attacks++;
}
return attacks;
}
// Function to simulate a single fighter's attempt to reach the target damage threshold
int simulate_fighter(int target_damage, int damage_bonus, double hit_probability) {
int current_damage = 0;
int turns = 0;
int hp = HP;
while (current_damage < target_damage && hp > 0) {
// Determine the number of attacks before the fighter is hit
int num_attacks = attacks_before_hit(0.65); // Both fighters attack with 65% probability
// Apply the attacks
for (int i = 0; i < num_attacks; i++) {
// Roll damage
int damage = roll_damage(damage_bonus);
current_damage += damage;
turns++;
// Check if the fighter gets hit after each attack
if (is_hit(hit_probability)) {
int attack_damage = rand() % 41 + 30; // Attack damage from 30 to 70
hp -= attack_damage;
if (hp <= 0) {
return -1; // Fighter lost all HP before reaching the target
}
}
}
}
if (hp > 0) {
return turns; // Return the number of turns required if the fighter survived
} else {
return -1; // Return -1 if the fighter died
}
}
int main() {
srand(time(NULL)); // Seed the random number generator
int deaths_fighter1 = 0;
int deaths_fighter2 = 0;
double total_turns_fighter1 = 0;
double total_turns_fighter2 = 0;
int survivals_fighter1 = 0;
int survivals_fighter2 = 0;
for (int i = 0; i < NUM_SIMULATIONS; i++) {
int target_damage = rand() % 169 + 1; // Random target damage between 1 and 169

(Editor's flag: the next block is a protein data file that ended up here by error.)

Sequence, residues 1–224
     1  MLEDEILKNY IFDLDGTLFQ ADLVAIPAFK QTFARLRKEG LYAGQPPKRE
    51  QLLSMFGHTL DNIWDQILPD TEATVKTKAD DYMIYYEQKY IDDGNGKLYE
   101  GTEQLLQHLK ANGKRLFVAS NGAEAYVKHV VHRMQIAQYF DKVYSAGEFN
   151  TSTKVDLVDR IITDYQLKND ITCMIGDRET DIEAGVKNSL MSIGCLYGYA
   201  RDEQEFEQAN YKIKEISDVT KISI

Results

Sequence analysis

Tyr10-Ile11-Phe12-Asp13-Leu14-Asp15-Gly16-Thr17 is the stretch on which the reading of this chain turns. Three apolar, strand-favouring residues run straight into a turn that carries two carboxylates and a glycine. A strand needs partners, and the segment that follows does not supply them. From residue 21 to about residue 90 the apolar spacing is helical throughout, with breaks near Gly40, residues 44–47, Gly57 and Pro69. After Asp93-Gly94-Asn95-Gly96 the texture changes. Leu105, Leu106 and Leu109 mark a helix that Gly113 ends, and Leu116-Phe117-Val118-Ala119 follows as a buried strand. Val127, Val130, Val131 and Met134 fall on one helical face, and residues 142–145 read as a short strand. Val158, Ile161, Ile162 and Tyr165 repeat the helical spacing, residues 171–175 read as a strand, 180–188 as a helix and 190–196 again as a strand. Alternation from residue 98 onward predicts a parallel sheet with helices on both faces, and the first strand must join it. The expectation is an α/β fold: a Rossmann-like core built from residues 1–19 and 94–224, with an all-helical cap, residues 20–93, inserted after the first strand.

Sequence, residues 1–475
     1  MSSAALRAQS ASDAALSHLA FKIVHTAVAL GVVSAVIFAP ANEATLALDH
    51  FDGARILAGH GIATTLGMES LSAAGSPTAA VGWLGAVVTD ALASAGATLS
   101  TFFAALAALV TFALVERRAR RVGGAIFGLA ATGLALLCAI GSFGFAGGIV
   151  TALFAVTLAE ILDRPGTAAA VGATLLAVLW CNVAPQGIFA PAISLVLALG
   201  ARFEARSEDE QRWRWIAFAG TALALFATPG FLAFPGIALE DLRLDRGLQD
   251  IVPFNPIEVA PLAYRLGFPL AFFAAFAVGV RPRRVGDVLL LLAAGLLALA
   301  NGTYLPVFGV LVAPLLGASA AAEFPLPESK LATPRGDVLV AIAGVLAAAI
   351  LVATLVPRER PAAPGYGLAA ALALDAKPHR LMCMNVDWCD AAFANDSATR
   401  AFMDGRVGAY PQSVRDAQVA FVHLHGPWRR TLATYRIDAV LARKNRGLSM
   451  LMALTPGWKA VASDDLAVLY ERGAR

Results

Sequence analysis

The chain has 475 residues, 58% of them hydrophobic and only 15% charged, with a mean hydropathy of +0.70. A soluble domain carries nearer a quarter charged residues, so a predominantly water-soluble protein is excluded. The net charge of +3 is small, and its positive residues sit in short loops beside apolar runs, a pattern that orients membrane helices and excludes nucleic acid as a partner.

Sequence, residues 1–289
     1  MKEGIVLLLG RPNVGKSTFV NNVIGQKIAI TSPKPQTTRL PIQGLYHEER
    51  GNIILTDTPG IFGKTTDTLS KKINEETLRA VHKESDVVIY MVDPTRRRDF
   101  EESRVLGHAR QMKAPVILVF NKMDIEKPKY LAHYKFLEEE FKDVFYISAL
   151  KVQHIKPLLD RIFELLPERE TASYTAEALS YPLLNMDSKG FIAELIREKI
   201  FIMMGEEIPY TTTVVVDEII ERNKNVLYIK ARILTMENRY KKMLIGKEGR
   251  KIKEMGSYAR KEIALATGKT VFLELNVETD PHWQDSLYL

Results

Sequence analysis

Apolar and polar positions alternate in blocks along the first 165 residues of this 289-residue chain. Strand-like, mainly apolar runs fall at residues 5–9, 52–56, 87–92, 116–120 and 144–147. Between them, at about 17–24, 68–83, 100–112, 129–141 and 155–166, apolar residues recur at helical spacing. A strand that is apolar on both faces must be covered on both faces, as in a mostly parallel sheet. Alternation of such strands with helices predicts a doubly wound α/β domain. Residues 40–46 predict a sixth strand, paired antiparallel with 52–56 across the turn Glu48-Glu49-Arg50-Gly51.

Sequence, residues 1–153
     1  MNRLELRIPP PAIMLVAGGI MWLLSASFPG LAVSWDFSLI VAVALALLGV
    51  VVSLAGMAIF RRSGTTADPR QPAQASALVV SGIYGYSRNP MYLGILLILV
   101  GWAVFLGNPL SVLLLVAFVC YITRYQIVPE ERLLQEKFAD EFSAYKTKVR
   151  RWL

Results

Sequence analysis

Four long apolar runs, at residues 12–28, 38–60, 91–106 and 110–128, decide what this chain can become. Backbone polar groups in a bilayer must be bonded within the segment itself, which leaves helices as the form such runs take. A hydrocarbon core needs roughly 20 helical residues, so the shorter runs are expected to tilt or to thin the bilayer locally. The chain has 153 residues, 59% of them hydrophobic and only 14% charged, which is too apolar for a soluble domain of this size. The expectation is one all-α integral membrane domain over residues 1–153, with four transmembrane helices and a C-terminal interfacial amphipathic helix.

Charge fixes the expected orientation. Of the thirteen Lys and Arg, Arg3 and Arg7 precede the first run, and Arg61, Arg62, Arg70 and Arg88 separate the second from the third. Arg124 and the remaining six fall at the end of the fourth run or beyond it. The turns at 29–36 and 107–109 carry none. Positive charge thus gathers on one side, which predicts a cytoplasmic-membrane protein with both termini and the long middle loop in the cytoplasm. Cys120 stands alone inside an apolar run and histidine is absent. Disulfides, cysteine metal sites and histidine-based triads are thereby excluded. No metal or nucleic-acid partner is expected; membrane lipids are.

// Simulate Fighter 1
int result1 = simulate_fighter(target_damage, 6, 0.65);
if (result1 == -1) {
deaths_fighter1++;
} else {
total_turns_fighter1 += result1;
survivals_fighter1++;
}
// Simulate Fighter 2
int result2 = simulate_fighter(target_damage, 5, 0.60); // Updated hit probability to 60%
if (result2 == -1) {
deaths_fighter2++;
} else {
total_turns_fighter2 += result2;
survivals_fighter2++;
}
}
// Calculate average turns for each fighter
double avg_turns_fighter1 = survivals_fighter1 > 0 ? total_turns_fighter1 / survivals_fighter1 : 0;
double avg_turns_fighter2 = survivals_fighter2 > 0 ? total_turns_fighter2 / survivals_fighter2 : 0;
// Print the results
printf("Number of deaths for Fighter 1 (2d6+6 damage, 65%% hit probability): %d\n", deaths_fighter1);
printf("Number of deaths for Fighter 2 (2d6+5 damage, 60%% hit probability): %d\n", deaths_fighter2);
printf("Average turns for Fighter 1 (2d6+6 damage, 65%% hit probability): %.2f\n", avg_turns_fighter1);
printf("Average turns for Fighter 2 (2d6+5 damage, 60%% hit probability): %.2f\n", avg_turns_fighter2);
return 0;
}
```

And if my code looks kinda like spaghetti, it is. I wanted to write in python, but it would take far too long for the code to run, so its in C which I barely know how to code. I got assistance from ChatGPT, so also feel free to scrutinize the code itself, but it seems passable from my review.

And yeah, I know, whiteboard analysis, but I think the results are dramatic enough and the simulation takes enough cases into account that we can at least use it as a rough guide to our thinking.

Edit: 1.41% not .014% and 10,000 instead of 1,000